Guest Lecture, Rosa Enn, PhD candidate, University of Vienna, Austria, Department of Social and Cultural Anthropology:
The impacts of modernity on Orchid Island’s Tao people
The people living on remote islands have to deal with the advantages and disadvantages of their geographical isolation. The indigenous Tao of Orchid Island (Lanyu) have preserved their cultural traditions much more effectively than perhaps any of the indigenous groups on Taiwan, they were not influenced by mainstream Han Chinese society to the same extent as the other indigenous communities. However, the impact of modernity, such as rising tourism and the influences from the outside world have had far-reaching consequences for their traditional lifestyle and social structures.
The Tao have had to deal with various forms of injustice ever since Taiwan’s period of martial law. The remote location of their homeland from Taiwan became of great interest to the government in the 1970s. The appropriation of land on Orchid Island was to be used to deposit nuclear waste and that solved the government’s problem of finding a convenient and appropriate storage site. The Tao were neither informed nor included in the decision-making processes regarding this undertaking. Since 1982, 100,000 barrels of toxic waste from Taiwan’s three nuclear power plants were dumped on Orchid Island for intermediate storage.
The empowerment movement succeeded in stopping the delivery of nuclear waste barrels to Orchid Island in 1996. In addition, the islanders managed to obtain monetary compensation and social welfare. However, the Tao strongly depend on these compensation benefits nowadays. Due to having the dumpsite for more than 30 years and enjoying the respective compensation, the people had no incentive to develop a self-sufficient and sustainable economy in order to create income possibilities and, therefore, the dependency on monetary compensation remains unsolved.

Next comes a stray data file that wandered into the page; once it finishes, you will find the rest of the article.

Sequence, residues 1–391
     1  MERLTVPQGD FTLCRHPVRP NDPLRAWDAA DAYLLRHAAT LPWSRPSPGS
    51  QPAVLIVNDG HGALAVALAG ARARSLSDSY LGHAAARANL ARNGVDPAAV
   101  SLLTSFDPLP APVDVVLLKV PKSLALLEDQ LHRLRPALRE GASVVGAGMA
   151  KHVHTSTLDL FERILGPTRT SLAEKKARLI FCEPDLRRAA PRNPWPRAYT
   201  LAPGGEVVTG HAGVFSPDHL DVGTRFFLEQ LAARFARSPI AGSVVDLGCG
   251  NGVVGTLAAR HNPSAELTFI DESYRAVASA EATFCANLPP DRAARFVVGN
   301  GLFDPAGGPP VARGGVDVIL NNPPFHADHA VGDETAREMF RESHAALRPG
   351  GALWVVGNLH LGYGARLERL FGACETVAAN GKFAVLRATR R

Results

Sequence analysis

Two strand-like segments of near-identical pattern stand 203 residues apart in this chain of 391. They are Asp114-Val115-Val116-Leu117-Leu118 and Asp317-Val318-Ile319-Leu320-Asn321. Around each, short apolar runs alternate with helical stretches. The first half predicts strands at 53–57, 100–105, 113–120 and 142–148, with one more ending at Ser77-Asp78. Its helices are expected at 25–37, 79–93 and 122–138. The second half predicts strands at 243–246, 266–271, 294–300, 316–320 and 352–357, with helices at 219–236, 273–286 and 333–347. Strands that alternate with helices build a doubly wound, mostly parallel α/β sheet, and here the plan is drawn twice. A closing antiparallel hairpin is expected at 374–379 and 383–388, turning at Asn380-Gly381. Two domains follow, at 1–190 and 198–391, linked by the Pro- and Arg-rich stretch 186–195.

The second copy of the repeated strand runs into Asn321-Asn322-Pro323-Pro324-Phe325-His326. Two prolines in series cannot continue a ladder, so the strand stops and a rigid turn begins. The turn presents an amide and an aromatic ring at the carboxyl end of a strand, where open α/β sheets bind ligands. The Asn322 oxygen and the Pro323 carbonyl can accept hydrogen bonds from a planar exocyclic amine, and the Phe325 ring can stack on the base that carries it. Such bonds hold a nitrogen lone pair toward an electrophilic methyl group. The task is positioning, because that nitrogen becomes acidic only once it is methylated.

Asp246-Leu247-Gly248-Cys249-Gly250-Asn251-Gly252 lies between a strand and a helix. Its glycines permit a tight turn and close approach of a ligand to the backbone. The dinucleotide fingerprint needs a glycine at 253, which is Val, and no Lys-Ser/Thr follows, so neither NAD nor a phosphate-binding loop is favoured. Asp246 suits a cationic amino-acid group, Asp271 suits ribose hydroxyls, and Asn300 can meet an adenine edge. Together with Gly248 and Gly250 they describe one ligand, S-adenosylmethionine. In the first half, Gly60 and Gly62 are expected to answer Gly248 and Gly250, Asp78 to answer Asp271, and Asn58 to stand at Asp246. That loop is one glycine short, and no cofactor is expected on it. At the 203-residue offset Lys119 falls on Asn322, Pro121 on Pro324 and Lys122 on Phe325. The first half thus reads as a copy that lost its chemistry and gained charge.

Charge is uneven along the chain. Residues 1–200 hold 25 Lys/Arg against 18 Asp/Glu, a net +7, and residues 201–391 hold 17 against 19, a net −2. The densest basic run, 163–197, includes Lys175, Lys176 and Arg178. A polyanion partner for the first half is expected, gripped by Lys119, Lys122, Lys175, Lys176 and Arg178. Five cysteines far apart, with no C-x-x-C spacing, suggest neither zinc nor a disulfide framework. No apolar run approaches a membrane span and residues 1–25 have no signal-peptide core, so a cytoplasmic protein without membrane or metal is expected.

This anthropological research deals with governance and environmental justice, indigenous peoples’ rights and empowerment in terms of social inclusion and participation in political and environmental decision-making. Furthermore, it looks at the transformation of ethnicity due to the influence of modernity and how the indigenous peoples interact with the issue of changing their way of life, as well as the representation of gender in ethnographic research.
Rosa Enn was born in Salzburg/Austria. She lives in Taipei and Vienna, where she is enrolled in a PhD program of the University of Vienna at the Institute of Social Anthropology. Her fields of expertise are indigenous peoples with regard to their social, cultural, and legal positions within national and international discourses, human rights, and various forms of governance. In her PhD she develops methods, together with indigenous peoples, NGOs, governmental, and international institutions, to implement environmental justice strategies among indigenous communities in Taiwan who live in remote areas and are exposed to ecological colonialism. She has conducted several field researches in Taiwan and Brazil. Beside her studies, she supports NGOs in Taiwan and Switzerland as a scientific researcher.